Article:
The Empire of the Tsars and the Russians

By Anatole L. Leroy-Beaulieu; Zaenaefde A. Ragozin | Go to book overview

BOOK IV. CHAPTER III.

The Tatar Domination, its Effects on the National Manners and Character --On the Reigning Family and Political Status--Causes and Character of the Moscovite Autocracy--In what the Russia of the Seventeenth Century Differed from the West of the same Period--Gaps in Russian History.

THE invasion of the Mongols, in the beginning of the thirteenth century, snapped the thread of Russia's destinies. The consequences of this terrible event were peculiar to Russia; the causes were not. This catastrophe, seemingly isolated, was only an incident in the great struggle between Europe and Asia, of which the crusades were the chief incident. In this collision of two worlds the same causes were at work from the Russian steppes to the Spanish sierras. Russia defended the left wing of Christendom against the immense converging host which advanced from Asia and Africa, in the shape of a gigantic crescent, ready to extend its extremities so as to coil itself round Europe, while Spain defended the right wing, and France and England, Italy and Germany, boldly taking the offensive, attacked the enemy's centre by means of the crusades. Russia had done that sort of fighting, in her own southern deserts, against the Petchenègs, the Pòlovtsy, and other nomads of Turkish race, bearing the brunt of the strife against Asia, long before the great invasion of the thir teenth century. Being placed at the most perilous outpost, in the neighborhood of the most extensive gathering-place of the Barbarians, her fall was a foregone conclusion. The Russian princes, united against the hosts of Djinghiz-Khan, had valiantly held out against the first shock on the Kalka ( 1224). A second invasion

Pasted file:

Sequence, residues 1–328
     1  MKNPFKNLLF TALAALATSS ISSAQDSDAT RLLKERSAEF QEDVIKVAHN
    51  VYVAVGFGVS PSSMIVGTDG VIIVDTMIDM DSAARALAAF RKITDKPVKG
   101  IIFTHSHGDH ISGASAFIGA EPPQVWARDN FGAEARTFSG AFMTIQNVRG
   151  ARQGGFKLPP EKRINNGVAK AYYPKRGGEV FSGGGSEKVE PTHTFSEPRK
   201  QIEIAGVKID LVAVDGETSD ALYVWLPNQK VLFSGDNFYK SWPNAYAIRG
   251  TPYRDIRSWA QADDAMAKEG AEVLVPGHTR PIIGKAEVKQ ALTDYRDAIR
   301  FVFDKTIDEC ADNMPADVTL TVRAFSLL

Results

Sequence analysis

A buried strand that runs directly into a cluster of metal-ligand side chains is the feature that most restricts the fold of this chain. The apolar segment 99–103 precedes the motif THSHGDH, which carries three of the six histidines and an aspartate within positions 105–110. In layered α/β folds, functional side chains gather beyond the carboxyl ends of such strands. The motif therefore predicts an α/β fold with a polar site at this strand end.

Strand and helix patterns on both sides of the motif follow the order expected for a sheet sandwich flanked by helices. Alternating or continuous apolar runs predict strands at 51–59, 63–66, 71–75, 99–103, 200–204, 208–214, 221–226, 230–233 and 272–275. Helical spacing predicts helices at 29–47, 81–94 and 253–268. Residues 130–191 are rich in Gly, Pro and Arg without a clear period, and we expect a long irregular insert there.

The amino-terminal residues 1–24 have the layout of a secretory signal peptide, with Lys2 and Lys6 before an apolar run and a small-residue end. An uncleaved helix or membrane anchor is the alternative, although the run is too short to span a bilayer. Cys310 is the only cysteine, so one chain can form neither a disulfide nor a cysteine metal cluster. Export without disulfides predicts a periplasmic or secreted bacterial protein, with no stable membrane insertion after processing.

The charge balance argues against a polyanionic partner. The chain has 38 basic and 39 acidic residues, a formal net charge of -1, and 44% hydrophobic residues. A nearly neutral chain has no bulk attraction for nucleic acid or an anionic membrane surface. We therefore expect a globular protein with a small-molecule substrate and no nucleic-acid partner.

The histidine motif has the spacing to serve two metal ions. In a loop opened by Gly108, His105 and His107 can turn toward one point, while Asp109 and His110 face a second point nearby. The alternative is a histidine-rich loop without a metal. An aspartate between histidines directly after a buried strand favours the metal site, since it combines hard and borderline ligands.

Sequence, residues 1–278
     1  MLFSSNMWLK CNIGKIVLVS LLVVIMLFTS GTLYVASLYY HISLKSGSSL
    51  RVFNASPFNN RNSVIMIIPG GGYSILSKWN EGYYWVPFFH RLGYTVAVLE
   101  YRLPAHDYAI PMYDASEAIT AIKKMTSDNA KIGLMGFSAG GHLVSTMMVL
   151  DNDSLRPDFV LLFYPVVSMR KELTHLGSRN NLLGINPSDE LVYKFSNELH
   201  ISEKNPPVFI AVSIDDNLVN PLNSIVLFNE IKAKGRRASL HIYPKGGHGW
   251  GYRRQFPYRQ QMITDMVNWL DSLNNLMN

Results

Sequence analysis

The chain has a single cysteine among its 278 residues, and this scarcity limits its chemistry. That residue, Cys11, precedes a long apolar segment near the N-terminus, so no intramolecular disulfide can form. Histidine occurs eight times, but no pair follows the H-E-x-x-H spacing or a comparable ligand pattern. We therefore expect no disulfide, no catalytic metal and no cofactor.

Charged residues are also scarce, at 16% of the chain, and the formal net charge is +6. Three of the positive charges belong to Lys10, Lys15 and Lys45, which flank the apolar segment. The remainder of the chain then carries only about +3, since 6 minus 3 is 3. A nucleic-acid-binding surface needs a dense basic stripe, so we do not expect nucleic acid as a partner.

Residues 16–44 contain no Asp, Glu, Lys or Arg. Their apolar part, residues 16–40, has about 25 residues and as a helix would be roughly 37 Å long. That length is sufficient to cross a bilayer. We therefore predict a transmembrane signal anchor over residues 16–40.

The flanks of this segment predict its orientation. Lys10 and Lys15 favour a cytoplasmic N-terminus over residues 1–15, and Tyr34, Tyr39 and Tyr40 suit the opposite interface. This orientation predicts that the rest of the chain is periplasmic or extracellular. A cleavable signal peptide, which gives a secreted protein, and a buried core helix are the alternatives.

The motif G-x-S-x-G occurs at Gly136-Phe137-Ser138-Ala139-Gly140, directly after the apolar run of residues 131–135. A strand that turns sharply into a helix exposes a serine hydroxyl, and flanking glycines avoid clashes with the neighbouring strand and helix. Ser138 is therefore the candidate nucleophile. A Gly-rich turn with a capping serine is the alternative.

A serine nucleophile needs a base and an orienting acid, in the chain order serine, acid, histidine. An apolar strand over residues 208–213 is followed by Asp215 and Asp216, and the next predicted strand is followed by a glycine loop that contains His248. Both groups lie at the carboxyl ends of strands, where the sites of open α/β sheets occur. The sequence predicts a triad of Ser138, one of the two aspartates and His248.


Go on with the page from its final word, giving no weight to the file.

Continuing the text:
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The Empire of the Tsars and the Russians
Table of contents

Table of contents

  • Title Page i
  • A Word from the Translator. iii
  • Author's Preface. Written Expressly for the American Edition. vii
  • Contents xiii
  • List of Maps xxi
  • Part I. the Country and Its Inhabitants xxiii
  • Book I. Nature, Climate, and Soil. 1
  • Book I. Chapter Ii. 15
  • Book I. Chapter Iii. 35
  • Book Ii. Races and Nationality. 54
  • Book Ii. Chapter Ii. 63
  • Book Ii. Chapter Iii. 77
  • Book Ii. Chapter Iv. 95
  • Book Ii. Chapter V. 122
  • Book III. the National Temperament and Character. 138
  • Book Iii. Chapter Ii. 161
  • Book Iii. Chapter Iii. 179
  • Book Iii. Chapter Iv. 195
  • Book Iv. History and the Elements of Civilization. 223
  • Book Iv. Chapter Ii. 241
  • Book Iv. Chapter Iii. 256
  • Book Iv. Chapter Iv. 282
  • Book V. the Social Hierarchy: the Towns and Urban Classes. 305
  • Book V. Chapter Ii. 322
  • Book V. Chapter Iii. 334
  • Book Vi. Nobility and Tchin. 346
  • Book Vi. Chapter Ii. 362
  • Book Vi. Chapter Iii. 381
  • Book Vi. Chapter Iv. 390
  • Book VII the Peasant and the Emancipation. 403
  • Book Vii. Chapter Ii. 422
  • Book Vii. Chapter Iii. 436
  • Book VII Chapter Iv. 450
  • Book VIII. Mir, Family, and Village Communities. 474
  • Book Viii. Chapter Ii. 486
  • Book Viii. Chapter Iii. 505
  • Book Viii. Chapter Iv. 521
  • Book Viii. Chapter V. 534
  • Book Viii. Chapter Vl. 548
  • Book Viii. Chapter Vii. 563
  • Index 581
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